The U.S. Department of Education issued new guidance on Friday reminding K-12 school districts that, like colleges and universities, they also must have systems in place to address sexual harassment and ensure equal opportunities for male and female athletes.
Such systems are required under Title IX of the Education Amendments of 1972.
The guidance comes against a backdrop of national concern about sexual assaults on college campuses. The Department has published a list of about 100 colleges it is investigating regarding how they have handled such complaints.
The federal guidance reiterates that school districts must designate a Title IX coordinator to inform students about their rights and instruct administrators about their responsibilities under the law. Key areas of compliance include ensuring equitable athletic opportunities for girls and boys, providing educational opportunities for pregnant and parenting teenagers, and addressing sex-based harassment.
Title IX is “37 words that really changed everything in the United States for women and girls,” said state Sen. Hannah-Beth Jackson, D-Santa Barbara.
In advising school districts, Catherine E. Lhamon, assistant secretary for civil rights in the U.S. Department of Education, said that “some of the most egregious and harmful Title IX violations occur when a recipient fails to designate a Title IX coordinator” or when a Title IX coordinator “has not been sufficiently trained or given the appropriate level of authority.”
The guidance is the latest attempt by the federal government and the California Department of Education, which have issued previous guidance letters, to prod districts into compliance with Title IX, which prohibits discrimination based on gender in federally funded educational programs.
The guidance comes as a bill that aims to improve K-12 training in Title IX regulations is moving through the California Legislature. Senate Bill 429, authored by state Sen. Hannah-Beth Jackson, D-Santa Barbara, would address what the California Department of Education, the San Francisco office of the federal Office for Civil Rights and other groups have said is a critical need for training for school personnel.
Districts have been required to have a Title IX coordinator since 1975. Underscoring the need for the legislation, Kim Turner, an attorney for the Fair Play for Girls in Sports project of the San Francisco-based Legal Aid Society-Employment Law Center, said many California school districts are out of compliance or unaware of their responsibilities under the law. “Title IX is poorly understood,” Turner said.
In 2007, the Legal Aid Society-Employment Law Center successfully brought suit against Sweetwater Union High School District on behalf of Veronica Ollier and other female high school softball players alleging unequal treatment. The case detailed in words and photographs the superior condition of the playing fields, equipment, dugout and concession stands for the boys’ baseball team, while the girls’ softball fields were littered, worn and rutted. The case also argued that the beloved girls’ softball coach was fired by the district in retaliation after Title IX complaints were made.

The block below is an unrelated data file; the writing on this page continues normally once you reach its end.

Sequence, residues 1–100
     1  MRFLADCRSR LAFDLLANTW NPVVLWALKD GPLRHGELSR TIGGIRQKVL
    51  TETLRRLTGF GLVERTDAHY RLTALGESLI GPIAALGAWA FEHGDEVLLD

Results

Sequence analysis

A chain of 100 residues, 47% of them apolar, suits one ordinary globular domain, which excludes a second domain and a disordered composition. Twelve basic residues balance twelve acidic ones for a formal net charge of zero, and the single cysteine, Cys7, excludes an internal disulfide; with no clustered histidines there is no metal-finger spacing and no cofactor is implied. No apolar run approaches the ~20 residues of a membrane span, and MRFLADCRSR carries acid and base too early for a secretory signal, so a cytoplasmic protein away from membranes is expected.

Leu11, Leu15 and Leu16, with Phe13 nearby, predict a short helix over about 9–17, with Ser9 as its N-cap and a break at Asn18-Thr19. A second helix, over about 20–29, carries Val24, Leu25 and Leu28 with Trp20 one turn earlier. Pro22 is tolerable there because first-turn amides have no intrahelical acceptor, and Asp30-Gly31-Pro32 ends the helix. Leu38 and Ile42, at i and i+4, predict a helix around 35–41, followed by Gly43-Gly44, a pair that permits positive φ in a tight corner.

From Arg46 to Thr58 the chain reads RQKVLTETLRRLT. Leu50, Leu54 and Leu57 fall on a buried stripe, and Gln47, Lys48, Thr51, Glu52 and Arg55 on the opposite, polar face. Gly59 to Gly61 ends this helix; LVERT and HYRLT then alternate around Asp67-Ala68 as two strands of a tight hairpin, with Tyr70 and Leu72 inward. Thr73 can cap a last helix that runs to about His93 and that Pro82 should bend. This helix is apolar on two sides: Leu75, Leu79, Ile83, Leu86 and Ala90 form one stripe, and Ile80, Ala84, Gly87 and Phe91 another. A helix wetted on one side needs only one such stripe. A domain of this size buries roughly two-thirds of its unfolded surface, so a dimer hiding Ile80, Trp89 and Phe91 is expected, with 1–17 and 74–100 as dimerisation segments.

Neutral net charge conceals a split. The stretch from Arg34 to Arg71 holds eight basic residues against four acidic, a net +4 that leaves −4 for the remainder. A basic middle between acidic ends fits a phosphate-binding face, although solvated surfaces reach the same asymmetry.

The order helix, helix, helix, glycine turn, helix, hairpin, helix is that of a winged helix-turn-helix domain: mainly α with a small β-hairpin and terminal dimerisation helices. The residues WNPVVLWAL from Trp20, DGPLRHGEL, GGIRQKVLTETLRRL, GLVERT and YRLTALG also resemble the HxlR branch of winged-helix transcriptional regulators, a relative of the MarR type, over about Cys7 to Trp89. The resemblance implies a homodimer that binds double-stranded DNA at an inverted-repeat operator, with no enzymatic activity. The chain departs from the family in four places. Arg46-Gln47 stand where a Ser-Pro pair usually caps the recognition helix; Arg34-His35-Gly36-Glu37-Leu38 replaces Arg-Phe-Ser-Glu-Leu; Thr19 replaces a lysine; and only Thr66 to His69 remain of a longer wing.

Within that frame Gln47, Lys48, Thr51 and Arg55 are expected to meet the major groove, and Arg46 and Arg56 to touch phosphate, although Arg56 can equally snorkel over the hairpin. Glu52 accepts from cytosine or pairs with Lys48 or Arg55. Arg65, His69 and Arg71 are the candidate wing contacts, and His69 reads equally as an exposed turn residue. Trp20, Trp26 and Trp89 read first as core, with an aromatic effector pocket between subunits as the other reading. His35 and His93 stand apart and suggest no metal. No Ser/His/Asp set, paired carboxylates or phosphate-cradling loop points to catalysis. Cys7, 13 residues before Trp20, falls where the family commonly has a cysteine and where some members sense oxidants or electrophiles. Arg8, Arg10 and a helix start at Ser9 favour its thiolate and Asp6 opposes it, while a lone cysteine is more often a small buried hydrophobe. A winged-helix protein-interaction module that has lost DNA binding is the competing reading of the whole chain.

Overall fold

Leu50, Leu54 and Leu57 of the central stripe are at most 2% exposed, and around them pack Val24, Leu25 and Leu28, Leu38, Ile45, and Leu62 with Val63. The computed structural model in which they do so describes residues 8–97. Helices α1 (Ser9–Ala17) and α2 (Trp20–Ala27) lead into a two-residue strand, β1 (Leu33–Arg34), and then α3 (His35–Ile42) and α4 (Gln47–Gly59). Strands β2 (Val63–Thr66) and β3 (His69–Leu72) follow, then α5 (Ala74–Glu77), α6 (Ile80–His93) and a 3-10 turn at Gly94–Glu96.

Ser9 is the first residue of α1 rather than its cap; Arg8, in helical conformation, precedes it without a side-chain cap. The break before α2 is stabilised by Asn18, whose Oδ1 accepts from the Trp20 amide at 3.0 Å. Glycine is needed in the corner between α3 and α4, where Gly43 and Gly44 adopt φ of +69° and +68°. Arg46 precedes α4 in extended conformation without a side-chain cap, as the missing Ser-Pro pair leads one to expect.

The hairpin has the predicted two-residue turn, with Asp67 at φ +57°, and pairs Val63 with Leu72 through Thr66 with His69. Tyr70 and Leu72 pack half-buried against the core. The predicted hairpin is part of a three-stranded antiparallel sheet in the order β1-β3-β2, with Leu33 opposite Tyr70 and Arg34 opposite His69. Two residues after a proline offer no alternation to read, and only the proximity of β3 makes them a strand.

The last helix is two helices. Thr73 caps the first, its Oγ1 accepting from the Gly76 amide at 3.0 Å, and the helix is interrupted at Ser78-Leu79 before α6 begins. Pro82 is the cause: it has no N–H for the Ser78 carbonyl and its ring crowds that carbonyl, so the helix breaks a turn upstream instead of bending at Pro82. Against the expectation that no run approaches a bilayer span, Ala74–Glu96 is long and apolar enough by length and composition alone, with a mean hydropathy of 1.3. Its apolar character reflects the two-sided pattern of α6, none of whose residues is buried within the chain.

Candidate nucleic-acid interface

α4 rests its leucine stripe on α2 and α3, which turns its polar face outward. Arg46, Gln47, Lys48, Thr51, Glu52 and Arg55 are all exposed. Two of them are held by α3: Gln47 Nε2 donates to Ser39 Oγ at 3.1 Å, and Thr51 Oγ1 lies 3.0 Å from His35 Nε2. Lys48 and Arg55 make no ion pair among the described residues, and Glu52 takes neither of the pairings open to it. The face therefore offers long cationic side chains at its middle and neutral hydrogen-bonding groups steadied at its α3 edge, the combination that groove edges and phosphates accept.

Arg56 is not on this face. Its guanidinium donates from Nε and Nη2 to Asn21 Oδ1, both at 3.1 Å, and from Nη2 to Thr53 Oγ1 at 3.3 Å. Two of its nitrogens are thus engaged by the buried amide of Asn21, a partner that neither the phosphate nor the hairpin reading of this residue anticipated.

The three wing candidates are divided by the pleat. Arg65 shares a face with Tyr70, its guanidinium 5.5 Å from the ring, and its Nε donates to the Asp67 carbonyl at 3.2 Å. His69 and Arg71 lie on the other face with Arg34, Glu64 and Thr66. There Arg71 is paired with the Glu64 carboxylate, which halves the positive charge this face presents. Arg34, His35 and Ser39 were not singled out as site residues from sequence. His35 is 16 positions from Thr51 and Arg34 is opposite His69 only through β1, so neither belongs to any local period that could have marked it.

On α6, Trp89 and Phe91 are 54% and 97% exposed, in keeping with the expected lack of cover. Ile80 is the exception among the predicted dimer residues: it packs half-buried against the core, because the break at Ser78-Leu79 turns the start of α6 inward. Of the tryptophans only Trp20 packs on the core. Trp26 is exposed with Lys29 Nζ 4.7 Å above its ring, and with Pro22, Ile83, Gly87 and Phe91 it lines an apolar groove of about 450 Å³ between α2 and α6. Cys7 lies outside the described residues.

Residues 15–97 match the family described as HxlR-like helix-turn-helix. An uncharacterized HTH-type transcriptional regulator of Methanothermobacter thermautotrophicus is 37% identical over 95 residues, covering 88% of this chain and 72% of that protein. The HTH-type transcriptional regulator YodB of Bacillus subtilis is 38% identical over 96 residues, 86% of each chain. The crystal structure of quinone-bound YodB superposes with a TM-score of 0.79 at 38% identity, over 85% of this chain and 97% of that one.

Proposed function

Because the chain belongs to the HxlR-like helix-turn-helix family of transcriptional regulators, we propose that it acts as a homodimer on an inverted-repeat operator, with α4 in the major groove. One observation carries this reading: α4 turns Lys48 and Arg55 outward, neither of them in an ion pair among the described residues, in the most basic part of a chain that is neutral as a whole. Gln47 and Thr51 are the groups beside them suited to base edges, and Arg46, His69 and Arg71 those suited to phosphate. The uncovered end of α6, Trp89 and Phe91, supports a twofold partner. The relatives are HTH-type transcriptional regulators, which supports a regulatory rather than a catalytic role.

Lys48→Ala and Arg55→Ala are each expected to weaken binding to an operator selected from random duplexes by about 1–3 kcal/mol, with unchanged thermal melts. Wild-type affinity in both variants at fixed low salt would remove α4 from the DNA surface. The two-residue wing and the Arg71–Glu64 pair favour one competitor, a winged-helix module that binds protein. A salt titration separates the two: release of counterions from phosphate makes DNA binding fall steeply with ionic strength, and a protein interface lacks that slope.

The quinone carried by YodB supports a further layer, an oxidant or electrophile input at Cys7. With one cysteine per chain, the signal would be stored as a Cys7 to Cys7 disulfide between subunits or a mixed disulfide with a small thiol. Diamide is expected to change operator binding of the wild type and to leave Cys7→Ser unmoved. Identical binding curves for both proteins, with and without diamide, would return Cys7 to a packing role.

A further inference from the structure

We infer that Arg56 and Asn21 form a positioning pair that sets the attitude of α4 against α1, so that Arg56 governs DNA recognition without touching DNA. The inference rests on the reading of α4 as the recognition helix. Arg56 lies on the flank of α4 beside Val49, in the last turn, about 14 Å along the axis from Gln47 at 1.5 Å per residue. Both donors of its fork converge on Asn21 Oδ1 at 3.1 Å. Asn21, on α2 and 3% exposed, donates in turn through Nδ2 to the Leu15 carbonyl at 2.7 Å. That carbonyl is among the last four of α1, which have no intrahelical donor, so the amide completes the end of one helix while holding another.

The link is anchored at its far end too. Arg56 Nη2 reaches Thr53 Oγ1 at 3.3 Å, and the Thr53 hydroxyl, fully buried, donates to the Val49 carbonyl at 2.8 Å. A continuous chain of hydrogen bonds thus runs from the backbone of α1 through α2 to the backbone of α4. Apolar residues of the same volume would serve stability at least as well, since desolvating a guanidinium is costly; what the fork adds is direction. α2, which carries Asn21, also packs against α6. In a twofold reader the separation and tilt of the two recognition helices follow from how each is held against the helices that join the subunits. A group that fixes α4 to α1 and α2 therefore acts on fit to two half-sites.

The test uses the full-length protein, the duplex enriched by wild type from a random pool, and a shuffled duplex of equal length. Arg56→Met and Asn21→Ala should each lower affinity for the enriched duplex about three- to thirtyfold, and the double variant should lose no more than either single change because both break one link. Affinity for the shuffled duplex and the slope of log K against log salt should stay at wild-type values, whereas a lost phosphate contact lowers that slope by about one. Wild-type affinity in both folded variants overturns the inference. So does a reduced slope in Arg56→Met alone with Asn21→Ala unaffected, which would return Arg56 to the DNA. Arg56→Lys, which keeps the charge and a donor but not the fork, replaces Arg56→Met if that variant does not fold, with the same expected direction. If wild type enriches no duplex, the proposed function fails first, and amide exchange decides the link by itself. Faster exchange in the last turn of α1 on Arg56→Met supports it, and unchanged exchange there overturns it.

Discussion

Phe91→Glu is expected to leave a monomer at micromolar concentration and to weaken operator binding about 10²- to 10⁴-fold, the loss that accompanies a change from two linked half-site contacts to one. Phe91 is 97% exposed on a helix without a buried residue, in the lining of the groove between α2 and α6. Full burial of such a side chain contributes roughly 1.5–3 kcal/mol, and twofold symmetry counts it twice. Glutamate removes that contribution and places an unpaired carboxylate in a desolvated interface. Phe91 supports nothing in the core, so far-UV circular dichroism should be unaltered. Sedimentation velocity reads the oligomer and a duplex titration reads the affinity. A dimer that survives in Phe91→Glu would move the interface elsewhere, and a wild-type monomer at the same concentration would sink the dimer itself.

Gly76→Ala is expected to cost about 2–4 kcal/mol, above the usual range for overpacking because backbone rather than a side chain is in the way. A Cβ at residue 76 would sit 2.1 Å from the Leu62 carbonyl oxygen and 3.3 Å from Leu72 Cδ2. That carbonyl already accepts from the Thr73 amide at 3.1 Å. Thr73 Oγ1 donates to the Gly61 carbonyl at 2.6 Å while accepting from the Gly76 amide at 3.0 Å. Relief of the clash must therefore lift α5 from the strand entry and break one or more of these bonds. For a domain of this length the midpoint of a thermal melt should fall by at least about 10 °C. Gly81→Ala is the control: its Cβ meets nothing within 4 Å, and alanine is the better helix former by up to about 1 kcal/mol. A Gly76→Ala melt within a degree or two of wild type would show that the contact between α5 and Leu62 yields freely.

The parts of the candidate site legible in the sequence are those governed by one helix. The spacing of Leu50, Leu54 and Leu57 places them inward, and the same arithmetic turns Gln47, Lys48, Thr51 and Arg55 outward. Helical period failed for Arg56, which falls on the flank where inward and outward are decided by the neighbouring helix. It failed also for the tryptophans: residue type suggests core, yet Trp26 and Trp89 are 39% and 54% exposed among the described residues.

The U.S. District Court for the Southern District of California ruled in favor of Ollier in 2012 on both the inequitable conditions and the retaliatory firing of the coach. The verdict in Ollier et al. v. Sweetwater was upheld on appeal in 2014 in a ruling by the 9th Circuit Court of Appeals.
At a hearing in Sacramento in January, state Sen. Jackson called Title IX “37 words that really changed everything in the United States for women and girls.” She read the 37 words at the hearing: “No person in the United States shall, on the basis of sex, be excluded from participation in, be denied the benefits of, or be subjected to discrimination under any education program or activity receiving federal financial assistance.”
Jackson’s bill would require the California Department of Education to designate a county office of education to create an instructional video, paid for by the state, about Title IX compliance. The bill passed the Senate Education Committee on April 8 and has been referred to the Senate Committee on Appropriations, where it is scheduled to be heard on May 4. Supporters include the Association of California School Administrators, the Junior Leagues of California, the California Women’s Law Center and State Superintendent of Public Instruction Tom Torlakson.